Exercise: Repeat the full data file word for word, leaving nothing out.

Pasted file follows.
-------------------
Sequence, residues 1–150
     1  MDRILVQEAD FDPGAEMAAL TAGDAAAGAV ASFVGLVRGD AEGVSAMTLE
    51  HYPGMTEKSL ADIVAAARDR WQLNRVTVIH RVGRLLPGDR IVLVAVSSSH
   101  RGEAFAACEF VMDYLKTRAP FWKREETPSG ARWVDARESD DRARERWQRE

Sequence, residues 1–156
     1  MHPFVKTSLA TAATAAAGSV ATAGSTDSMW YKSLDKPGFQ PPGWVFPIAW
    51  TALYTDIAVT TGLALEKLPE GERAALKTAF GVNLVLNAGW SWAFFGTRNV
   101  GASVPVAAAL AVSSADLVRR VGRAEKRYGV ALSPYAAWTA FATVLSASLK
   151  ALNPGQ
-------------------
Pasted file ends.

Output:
Sequence, residues 1–150
     1  MDRILVQEAD FDPGAEMAAL TAGDAAAGAV ASFVGLVRGD AEGVSAMTLE
    51  HYPGMTEKSL ADIVAAARDR WQLNRVTVIH RVGRLLPGDR IVLVAVSSSH
   101  RGEAFAACEF VMDYLKTRAP FWKREETPSG ARWVDARESD DRARERWQRE

Sequence, residues 1–156
     1  MHPFVKTSLA TAATAAAGSV ATAGSTDSMW YKSLDKPGFQ PPGWVFPIAW
    51  TALYTDIAVT TGLALEKLPE GERAALKTAF GVNLVLNAGW SWAFFGTRNV
   101  GASVPVAAAL AVSSADLVRR VGRAEKRYGV ALSPYAAWTA FATVLSASLK
   151  ALNPGQ